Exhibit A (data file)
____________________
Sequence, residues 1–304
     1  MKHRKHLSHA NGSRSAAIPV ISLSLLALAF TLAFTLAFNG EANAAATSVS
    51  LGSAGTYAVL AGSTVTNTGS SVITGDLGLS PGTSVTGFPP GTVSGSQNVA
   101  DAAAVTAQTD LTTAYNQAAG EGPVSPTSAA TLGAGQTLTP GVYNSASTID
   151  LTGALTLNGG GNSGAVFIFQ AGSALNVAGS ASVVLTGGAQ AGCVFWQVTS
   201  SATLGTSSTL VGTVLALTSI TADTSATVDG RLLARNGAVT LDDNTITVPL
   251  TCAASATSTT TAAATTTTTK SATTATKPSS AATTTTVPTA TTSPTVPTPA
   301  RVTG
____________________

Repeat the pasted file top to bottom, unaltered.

Sequence, residues 1–304
     1  MKHRKHLSHA NGSRSAAIPV ISLSLLALAF TLAFTLAFNG EANAAATSVS
    51  LGSAGTYAVL AGSTVTNTGS SVITGDLGLS PGTSVTGFPP GTVSGSQNVA
   101  DAAAVTAQTD LTTAYNQAAG EGPVSPTSAA TLGAGQTLTP GVYNSASTID
   151  LTGALTLNGG GNSGAVFIFQ AGSALNVAGS ASVVLTGGAQ AGCVFWQVTS
   201  SATLGTSSTL VGTVLALTSI TADTSATVDG RLLARNGAVT LDDNTITVPL
   251  TCAASATSTT TAAATTTTTK SATTATKPSS AATTTTVPTA TTSPTVPTPA
   301  RVTG